New evidence found by NASA's Curiosity rover suggests that Mars could have supported life in the past. The organic molecules were found in sedimentary rockets near the surface which date to about 3 billion years old and there is variations in the levels of methane in the atmosphere. These organic materials, while normally associated with life, can be made by non-biological processes and don't always mean there was once or currently life. Jen Eigenbrode of NASA's Goddard Space Flight Center in Greenbeld, Marlyand said "...organic matter in Martian materials holds chemical clues to planetary conditions and processes". These new findings are very exciting for the scientists analyzing the data found and opens another door of research to keep searching for life on Mars.
Also found were seasonal methane releases over the course
of 3 martian years (almost 6 Earth Years) and were detected bu the Sample Analysis at Mars (SAM) instrument suite. The longevity of the Curiosity rover has allowed the instruments to notice these seasonal differences in the amount of Methane released over the years on Mars. Methane has been recorded on Mars in the past, but was studied in large, unpredictable plumes. Now we can see that more Methane is released in the Gale Crater in the warm summer months and much less is released in the cold wintery months each year. Water-rock chemistry may generate the Methane, but they can't rule out any possibilities of biological origins.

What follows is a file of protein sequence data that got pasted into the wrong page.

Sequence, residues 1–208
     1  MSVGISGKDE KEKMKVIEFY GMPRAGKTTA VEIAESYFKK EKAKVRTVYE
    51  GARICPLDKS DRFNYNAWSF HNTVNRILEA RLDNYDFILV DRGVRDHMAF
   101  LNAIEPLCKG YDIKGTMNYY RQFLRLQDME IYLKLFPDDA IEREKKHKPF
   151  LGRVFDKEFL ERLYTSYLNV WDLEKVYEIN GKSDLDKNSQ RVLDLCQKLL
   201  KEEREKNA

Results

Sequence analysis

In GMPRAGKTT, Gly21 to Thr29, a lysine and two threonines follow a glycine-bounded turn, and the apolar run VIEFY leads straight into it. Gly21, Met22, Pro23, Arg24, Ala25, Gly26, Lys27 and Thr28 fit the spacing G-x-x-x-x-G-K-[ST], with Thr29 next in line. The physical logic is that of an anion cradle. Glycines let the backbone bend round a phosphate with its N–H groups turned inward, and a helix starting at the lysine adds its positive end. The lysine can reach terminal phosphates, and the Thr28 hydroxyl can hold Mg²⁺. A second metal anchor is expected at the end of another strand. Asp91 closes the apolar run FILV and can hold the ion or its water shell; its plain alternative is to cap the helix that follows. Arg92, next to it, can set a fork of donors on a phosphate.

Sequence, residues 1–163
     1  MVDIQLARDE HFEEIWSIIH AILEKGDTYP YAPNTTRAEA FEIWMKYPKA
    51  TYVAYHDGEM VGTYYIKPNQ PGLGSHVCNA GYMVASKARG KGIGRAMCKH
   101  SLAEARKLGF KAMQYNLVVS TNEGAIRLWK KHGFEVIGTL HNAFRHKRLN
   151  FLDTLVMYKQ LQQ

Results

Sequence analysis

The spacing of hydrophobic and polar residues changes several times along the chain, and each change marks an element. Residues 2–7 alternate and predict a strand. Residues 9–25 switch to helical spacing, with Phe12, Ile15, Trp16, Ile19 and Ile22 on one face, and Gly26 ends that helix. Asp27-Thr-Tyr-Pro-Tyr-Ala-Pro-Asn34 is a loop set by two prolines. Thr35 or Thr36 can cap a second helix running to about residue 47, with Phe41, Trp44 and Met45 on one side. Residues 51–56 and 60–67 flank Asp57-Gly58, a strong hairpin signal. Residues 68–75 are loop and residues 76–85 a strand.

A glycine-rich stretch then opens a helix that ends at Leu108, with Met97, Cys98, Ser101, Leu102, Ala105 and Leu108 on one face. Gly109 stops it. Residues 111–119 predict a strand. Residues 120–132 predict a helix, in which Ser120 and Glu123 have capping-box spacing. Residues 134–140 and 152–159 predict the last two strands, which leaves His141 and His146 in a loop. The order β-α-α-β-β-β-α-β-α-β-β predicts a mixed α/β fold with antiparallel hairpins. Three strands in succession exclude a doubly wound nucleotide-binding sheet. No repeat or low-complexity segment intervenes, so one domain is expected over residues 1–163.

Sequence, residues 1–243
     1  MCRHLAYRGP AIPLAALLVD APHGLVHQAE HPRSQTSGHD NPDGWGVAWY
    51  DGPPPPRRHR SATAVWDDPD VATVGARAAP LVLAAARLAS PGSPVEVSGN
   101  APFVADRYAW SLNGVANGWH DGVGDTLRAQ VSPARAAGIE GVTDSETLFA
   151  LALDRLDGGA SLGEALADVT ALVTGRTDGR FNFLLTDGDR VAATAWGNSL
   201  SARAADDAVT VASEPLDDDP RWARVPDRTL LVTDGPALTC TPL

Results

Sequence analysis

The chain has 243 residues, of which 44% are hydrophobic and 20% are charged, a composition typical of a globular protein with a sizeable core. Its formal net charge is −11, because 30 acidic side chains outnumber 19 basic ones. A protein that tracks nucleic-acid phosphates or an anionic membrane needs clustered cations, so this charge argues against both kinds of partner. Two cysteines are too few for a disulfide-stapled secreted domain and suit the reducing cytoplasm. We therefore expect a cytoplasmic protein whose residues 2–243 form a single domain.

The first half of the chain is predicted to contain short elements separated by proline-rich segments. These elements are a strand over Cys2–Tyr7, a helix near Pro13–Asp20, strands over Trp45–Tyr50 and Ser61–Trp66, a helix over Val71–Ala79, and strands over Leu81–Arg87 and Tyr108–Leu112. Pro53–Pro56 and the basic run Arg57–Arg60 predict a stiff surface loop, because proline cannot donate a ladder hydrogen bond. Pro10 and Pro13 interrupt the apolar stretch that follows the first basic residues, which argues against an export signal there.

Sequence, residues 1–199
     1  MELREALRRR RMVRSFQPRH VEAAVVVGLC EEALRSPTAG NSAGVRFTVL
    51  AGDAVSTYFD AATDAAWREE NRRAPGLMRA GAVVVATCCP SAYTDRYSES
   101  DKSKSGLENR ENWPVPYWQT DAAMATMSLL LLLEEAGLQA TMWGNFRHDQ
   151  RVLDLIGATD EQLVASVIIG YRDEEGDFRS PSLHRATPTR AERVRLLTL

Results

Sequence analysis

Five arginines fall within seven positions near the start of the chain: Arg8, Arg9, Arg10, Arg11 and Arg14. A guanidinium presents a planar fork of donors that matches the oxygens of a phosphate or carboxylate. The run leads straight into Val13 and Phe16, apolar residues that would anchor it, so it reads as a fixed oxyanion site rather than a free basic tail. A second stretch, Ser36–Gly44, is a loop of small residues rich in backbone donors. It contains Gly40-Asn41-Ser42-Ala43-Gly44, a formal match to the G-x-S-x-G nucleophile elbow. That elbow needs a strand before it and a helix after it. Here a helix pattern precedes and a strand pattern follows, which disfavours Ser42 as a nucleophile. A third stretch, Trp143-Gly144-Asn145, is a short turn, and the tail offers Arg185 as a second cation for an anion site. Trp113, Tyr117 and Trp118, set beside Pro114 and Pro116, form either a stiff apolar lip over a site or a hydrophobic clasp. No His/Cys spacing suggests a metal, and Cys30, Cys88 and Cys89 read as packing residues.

All information and graphics are provided by NASA